Fortunes of the Platmynt varied in the next hundred years according to the value of copper both in Sweden and in other countries. By 1698 the copper coins were considered more of a commodity than circulating coinage and export restrictions were placed on all the plate coins. Although a large number of 2- and 4-Daler plates was minted and exported between 1720 and 1745, reliance on bank notes and paper money caused a decline in the use of Platmynt.
In 1771, the Platmynt ceased being considered as money and most of the plates remaining in Sweden were exported in the 1780's during a time of high copper prices worldwide. The plates found in 1987 were being shipped by the Danish East India Company to the Nicobar Islands and to Danish trading posts on the Indian coast. The ship, the Nicobar, picked up cargo in Cronborg, Sweden on July 23, 1782. Sailing for the Cape of Good Hope, the Nicobar was forced to land on the west coast of Africa to replenish food stocks and crew, many of whom were too ill to continue.
On May 20, 1783, the Nicobar entered False Bay, South Africa, and took on 18 sailors and several women who had survived an earlier shipwreck. The Nicobar left False Bay on July 10th and met a severe storm that night and ran aground. Almost 3,000 pieces were excavated, many showing evidence of the straw packing of their shipping containers. Sixty coins were retained by museums; the rest were returned to the skindivers.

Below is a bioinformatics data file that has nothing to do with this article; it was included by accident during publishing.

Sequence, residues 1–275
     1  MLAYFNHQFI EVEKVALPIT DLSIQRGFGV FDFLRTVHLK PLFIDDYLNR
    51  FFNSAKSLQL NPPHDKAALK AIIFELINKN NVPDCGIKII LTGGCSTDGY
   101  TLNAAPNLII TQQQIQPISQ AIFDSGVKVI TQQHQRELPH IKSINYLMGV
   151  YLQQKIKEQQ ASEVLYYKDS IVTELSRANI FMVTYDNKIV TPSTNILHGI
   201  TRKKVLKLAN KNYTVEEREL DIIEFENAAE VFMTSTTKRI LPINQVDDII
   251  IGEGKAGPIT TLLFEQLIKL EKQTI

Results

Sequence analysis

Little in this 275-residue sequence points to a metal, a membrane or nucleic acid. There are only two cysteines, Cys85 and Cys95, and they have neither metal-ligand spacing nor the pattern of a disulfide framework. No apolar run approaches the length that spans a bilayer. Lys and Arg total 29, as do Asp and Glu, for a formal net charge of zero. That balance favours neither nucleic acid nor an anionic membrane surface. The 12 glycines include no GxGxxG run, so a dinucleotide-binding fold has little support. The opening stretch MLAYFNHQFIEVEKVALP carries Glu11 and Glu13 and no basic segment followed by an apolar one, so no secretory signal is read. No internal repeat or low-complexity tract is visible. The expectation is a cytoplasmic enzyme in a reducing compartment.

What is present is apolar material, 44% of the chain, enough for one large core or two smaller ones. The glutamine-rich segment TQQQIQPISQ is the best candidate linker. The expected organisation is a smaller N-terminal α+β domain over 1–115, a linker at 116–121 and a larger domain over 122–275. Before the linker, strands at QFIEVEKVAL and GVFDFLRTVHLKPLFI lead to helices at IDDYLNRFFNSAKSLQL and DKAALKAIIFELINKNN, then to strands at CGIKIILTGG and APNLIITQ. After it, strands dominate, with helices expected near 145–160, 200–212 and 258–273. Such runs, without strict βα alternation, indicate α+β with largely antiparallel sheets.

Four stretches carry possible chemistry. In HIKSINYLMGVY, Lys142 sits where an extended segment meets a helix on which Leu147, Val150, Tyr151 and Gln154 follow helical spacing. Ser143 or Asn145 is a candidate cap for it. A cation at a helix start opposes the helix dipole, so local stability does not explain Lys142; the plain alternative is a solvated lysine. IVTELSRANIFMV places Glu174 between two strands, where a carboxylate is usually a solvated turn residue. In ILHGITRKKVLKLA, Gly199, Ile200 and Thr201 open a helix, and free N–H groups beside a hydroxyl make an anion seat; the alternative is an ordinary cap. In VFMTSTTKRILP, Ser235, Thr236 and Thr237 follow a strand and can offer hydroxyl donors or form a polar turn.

In 1926 Manuel Gorriaran founded Hook-Fast Specialties, Inc. by introducing what was then a newly invented style of belt buckle called the “Hook-Fast Can’t Slip Buckle”. Before long, customers began to request other items and Hook-Fast responded and expanded the business to include badges, tie clasps, name plates, money clips, and key chains. In the 1940s they started to make midget car pins and other track and street racing cars.
These crossed checkered flags were made by Hookfast as racing trophy awards. Here is a 1947 and a 1955 example. This gives an idea as to when the race car pins were made.
Many other vehicles of the day were immortalized in nickel plated, enameled metal pins. Pictured here is a panel van and a classic 1940s type of motorcycle.